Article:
The Japanese ingredients in this recipe, namely the kinako and fresh shiso leaves, might be hard to find unless you have a Japanese grocery store handy. Kinako is a roasted soybean powder; I’ve seen packets of it sold on Amazon.com. Black sesame seeds taste somewhat nuttier to me than normal white sesame seeds (could it just be my imagination?). Shiso leaves are a Japanese leafy herb that tastes warm, a little sharp, and a tad astringent; the only comparison I can think of is cilantro, but I suspect even cilantro-haters could love shiso. If you can’t get access to any of these ingredients, feel free to cut out the shiso leaves, kinako, and black sesame seeds and make a normal (and very delicious) cherry clafoutis.
Adapted from John Thorne’s Outlaw Cook
- 12 oz. cherries, pitted or unpitted
- Zest from 2.5 small limes
- 5 fresh shiso leaves, chopped finely into ribbons (the easiest way is to stack the shiso leaves on top of each other and roll them into a thin cylinder, and then slice)
- 9 tbsp. ultrafine sugar (if you don’t have any, process some granulated sugar in a food processor, or, ideally, a clean coffee grinder)
- 1/2 cup unbleached all-purpose flour
- 1/4 tsp. salt
- 2 large eggs
- 1 cup milk
- 1 tablespoon unsalted butter, plus 1/2 tbsp. unsalted butter for greasing the pan or pie plate
- 1 tbsp. kinako (roasted soybean powder, which you can easily find in Japanese markets or online)
- 1 tbsp. roasted black sesame seeds (easily found in Japanese markets)
- Confectioner’s sugar for dusting
- 1 cup yogurt (low-fat is ok)
- Preheat the oven to 425 degrees F. Wash and prepare the cherries, which should be stemmed and, if desired, pitted.
- Very generously butter a 10-inch baking dish (such as a pie pan) with 1 tablespoon butter and your fingers, making sure to butter at least 2/3 of the way up the sides of the baking dish.
- Make lime-shiso sugar by mixing the lime zest with sugar and shiso leaves on a chopping board. Incorporate the zest and shiso with the sugar by chopping the mixture until the shiso and lime look finely minced with the sugar. Set aside.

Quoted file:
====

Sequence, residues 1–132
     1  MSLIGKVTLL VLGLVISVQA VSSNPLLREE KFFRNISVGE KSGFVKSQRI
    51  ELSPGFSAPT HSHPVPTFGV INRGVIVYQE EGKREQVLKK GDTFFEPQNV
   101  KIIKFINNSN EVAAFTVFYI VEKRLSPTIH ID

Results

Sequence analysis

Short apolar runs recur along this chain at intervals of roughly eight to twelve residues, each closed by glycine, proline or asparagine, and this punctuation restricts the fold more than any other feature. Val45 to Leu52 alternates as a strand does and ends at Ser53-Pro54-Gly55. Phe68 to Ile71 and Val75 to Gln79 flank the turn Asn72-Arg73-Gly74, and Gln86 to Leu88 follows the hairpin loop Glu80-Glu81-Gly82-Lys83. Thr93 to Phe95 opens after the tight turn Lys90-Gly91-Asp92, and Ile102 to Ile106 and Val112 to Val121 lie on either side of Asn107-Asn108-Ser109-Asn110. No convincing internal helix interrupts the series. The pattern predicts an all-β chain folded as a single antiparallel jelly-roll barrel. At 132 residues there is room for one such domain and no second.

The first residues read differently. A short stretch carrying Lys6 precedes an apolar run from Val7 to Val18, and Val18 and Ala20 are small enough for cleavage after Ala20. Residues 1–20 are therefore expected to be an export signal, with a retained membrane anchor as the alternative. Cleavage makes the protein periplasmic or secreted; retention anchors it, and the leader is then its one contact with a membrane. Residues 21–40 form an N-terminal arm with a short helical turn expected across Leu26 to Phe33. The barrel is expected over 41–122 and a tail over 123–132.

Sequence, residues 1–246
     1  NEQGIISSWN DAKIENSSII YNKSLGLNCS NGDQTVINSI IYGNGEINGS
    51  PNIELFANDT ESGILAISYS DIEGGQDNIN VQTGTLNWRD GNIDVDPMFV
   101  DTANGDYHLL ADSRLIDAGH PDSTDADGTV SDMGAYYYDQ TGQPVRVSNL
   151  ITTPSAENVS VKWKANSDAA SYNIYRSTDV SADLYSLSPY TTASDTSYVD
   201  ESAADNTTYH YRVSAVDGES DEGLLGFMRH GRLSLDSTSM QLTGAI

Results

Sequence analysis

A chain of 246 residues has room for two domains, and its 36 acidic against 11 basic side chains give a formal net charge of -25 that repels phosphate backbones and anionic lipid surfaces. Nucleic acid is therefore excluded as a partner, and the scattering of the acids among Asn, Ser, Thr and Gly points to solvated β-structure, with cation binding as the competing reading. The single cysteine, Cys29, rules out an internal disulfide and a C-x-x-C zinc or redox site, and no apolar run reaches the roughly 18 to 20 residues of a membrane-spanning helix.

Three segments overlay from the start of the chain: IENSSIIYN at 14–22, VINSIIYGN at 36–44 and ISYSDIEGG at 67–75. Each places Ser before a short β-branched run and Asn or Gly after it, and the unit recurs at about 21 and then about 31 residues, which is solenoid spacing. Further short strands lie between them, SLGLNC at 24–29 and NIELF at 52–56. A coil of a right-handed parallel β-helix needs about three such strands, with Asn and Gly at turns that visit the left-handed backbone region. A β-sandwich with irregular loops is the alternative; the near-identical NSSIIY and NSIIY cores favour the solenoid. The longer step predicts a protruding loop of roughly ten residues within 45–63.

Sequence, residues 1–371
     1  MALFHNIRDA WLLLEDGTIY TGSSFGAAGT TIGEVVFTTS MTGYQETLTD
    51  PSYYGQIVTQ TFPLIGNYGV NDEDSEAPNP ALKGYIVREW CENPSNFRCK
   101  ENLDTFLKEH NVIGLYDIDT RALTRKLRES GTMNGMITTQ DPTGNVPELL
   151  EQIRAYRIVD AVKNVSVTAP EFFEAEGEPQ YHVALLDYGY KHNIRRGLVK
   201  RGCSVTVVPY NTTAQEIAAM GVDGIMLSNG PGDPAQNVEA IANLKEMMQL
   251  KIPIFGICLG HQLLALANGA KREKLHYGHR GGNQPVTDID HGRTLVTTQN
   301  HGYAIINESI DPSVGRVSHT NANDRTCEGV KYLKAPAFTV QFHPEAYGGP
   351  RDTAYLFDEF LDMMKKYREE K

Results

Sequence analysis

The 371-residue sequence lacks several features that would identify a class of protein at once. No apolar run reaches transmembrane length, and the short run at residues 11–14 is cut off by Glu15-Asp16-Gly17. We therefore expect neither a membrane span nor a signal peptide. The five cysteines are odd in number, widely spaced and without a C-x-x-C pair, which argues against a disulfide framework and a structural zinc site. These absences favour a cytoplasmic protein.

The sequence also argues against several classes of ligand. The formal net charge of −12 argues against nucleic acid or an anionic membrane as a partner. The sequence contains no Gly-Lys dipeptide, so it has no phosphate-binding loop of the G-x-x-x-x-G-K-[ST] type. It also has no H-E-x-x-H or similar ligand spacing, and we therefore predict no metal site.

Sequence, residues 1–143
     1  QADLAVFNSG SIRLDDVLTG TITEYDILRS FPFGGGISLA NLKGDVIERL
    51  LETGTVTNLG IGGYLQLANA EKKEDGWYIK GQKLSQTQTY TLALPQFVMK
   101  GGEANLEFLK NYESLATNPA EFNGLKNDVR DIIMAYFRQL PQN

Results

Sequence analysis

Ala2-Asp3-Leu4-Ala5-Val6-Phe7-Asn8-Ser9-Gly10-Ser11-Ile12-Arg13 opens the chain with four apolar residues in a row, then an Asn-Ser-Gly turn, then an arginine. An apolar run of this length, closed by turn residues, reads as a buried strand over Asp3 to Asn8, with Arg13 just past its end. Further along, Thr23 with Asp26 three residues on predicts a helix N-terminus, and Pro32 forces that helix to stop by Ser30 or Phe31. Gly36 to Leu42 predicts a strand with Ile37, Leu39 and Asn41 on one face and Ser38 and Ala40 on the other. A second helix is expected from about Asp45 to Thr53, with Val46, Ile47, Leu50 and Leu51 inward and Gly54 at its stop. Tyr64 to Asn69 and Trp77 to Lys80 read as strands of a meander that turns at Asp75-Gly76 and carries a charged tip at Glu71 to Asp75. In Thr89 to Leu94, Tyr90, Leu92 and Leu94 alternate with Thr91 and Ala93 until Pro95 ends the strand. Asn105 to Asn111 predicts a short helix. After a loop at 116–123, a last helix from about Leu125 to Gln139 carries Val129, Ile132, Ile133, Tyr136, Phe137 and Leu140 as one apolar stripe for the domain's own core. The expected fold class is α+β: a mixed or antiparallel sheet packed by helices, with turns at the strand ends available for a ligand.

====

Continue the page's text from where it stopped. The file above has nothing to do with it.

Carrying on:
- In a large bowl (one with a pouring spout makes things easier), sift together the flour and salt. In a small bowl, beat the eggs gently and whisk in the milk. (A whisk is really necessary here to wholly incorporate the flour and break up any lumps. I used a fork at first, but quickly realized the necessity of a whisk). Add the wet to the dry ingredients a little at a time, whisking until smooth. Stir in 3 tbsp. of the the lime-shiso sugar. You should see little bits of shiso leaf and lime zest rise to the surface. Let the batter rest while the fruit is being cooked.
- Measure out an additional 3 tbsp. of the lime-shiso sugar into a small bowl and mix with 1 tbsp. of kinako (roasted soybean powder) and 1 tbsp. black sesame seed. Set aside.
- In another small bowl, mix the remaining lime-shiso sugar, to taste, with the 1 cup of yogurt. (Try adding about half the lime-shiso sugar to the yogurt, and then increasing the amount until you like the flavor.). Refrigerate the lime-shiso yogurt mixture until serving time.
- In a 10-inch skillet or saucepan, melt the butter over medium heat, coating the bottom and sides of the skillet. When the butter is bubbling, add the cherries. Stir gently (or gently move pan in circular motion) until each cherry has softened and is coated with butter, about 2 to 3 minutes. Then, sprinkle in the kinako-black sesame-lime-shiso sugar mixture. As the kinako sugar mixture melts and absorbs the butter and little bit of cherry juice produced during the cooking process, stir the mixture until the cherries get covered in the sugar mixture. The cherries will look a little dull from the kinako coating; that is perfectly normal. After about 2 minutes, the kinako coating should have largely adhered to the cherries.
- Gently pour the cooked cherries into the buttered baking dish. Shift the baking dish in small circular motions as needed to distribute the cherries evenly. Stir up the batter that you made earlier, and scrape it carefully over the cherries. Shift the baking dish as necessary to settle the cherries into their final baking positions.
- Put the baking dish into the oven to bake for about 20 minutes. By the end of the baking process, the clafoutis will be set, golden brown, and puffed up at the edges. (If you have a glass oven window and are an obsessive oven watcher, like me, don’t fret that the clafoutis doesn’t puff up immediately – it will do so only toward the end of baking.) Remove the clafoutis from the oven and divide into bowls or plates, sift a little confectioner’s sugar over each, and top if you like with a spoonful of the lime-shiso yogurt.
I think leaving the cherries unpitted preserves the integrity of the fruit, minimizes bleeding into the batter, and is more aesthetically pleasing. It’s a bit more inconvenient to spit out the pits, but I don’t really mind.